Home | Guilt | Guilt Trips
Guilt and Guilt
This is an article I found on the net a while
back. I edited it a little. My comments are in blue. I
have go find it again to get the citation. I have a lot
of comments about it, but overall it is a good article
with good suggestions.
What is guilt? Guilt is
your feeling about your personal failure to live up to
your or someone else's standard of behavior.
There are times when we should feel guilty. On those
occasions a good friend may gently help us see our
inconsistency between what we say we believe and how we
What is a guilt trip?
Guilt trips are about control. It is a way of
manipulating people to get a desired outcome through
indirect and passive-aggressive tactics.
say Guilt trips are
about violating boundaries but I am not sure what they mean.
I guess it means that someone invades your mind to use
you in some way to try to get what they want. So your
mind is your boundary I guess they mean.
Inflicting guilt is used
more frequently in families and small communities and
organizations where direct conflict or confrontation
might upset ties and working relationships. Using guilt
unabashedly to control others gets passed on in families
as surely as genes. Some families do it, some don't.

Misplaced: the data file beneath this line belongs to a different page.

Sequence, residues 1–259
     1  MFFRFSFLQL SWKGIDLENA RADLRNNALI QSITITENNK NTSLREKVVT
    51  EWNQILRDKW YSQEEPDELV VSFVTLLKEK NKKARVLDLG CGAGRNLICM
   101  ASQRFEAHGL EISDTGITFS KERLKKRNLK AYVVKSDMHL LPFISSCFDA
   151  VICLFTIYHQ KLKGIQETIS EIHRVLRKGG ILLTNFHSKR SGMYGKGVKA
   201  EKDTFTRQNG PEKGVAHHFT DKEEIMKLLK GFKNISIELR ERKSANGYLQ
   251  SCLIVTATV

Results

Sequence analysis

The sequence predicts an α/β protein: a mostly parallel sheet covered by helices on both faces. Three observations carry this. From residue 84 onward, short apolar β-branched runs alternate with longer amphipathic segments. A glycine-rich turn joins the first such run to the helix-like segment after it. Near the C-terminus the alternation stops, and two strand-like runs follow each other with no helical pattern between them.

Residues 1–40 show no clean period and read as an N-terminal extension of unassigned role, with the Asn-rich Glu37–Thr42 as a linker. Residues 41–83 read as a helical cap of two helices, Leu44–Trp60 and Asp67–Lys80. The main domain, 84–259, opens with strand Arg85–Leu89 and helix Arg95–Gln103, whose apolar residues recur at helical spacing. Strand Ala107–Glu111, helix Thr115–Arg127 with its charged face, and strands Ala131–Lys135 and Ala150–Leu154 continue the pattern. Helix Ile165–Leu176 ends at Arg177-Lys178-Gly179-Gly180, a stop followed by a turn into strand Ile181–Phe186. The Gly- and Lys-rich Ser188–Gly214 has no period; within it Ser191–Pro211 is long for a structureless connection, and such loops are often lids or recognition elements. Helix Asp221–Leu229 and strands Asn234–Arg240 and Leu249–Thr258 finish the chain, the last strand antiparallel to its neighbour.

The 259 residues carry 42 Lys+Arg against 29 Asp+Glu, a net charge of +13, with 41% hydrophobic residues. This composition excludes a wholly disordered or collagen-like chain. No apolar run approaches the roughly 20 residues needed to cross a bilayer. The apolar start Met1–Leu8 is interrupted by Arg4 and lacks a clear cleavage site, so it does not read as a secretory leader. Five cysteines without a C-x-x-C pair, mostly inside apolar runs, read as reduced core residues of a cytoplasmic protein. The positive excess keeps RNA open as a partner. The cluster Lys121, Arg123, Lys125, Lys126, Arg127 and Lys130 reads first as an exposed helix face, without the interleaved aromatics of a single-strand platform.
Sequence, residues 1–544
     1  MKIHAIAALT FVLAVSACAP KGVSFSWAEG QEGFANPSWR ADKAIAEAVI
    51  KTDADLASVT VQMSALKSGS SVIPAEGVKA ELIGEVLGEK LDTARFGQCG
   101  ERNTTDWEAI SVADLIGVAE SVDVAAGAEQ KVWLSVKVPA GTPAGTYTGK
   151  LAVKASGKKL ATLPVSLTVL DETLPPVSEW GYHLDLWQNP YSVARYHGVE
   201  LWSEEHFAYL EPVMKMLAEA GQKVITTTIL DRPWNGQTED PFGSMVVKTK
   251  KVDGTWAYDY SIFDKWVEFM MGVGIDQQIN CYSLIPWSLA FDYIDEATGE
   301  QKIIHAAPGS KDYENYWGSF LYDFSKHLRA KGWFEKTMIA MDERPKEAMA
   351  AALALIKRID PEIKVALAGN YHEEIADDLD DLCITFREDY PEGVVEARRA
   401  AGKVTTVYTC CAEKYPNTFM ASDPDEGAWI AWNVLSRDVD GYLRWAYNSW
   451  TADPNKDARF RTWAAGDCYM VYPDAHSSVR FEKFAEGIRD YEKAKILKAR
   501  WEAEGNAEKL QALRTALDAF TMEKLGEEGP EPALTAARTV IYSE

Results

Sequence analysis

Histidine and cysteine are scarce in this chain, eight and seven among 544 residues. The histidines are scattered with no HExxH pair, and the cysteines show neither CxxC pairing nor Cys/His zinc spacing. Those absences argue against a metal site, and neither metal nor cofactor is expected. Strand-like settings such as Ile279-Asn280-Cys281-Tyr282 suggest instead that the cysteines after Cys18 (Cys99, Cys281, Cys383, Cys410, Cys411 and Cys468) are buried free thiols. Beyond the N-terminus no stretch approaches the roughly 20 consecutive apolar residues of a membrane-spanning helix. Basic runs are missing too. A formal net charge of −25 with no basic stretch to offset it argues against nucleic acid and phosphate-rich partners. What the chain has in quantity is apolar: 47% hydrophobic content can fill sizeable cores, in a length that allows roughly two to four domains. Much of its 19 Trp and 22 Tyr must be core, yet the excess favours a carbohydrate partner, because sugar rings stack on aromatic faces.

Families that use guilt may not even be aware of how
often they use it or how wrong it really is.
Why do people
use such indirect methods? Could it be their fear of
destroying the relationship if they were more direct? Or
their fear of exposing themselves and their own needs? Or
of appearing needy or weak? Or are they afraid of not
getting their needs met if they ask directly for what
they need or want?
often use guilt trips to control indirectly. They don't
want to use physical force for several reasons. One it is
not legal so they don't want to get in trouble
themselves. Another is because it may not be socially
acceptable. Another is because they might feel guilty.
respect to awareness, if we teach about how guilt trips
are used, the children may be less likely to repeat the
pattern with their own kids and teens.
Expecting people to give
up a control tactic they've used "effectively"
over a lifetime with each other may not be realistic.
Usually we don't need much help from others to know when
we've failed to live up to our own code of moral conduct.
To deal with
anothers' agenda for our behavior, we need to be
clear about who we are, what we want and what we are
willing to do.
clear who we are, what we believe, what we want, need.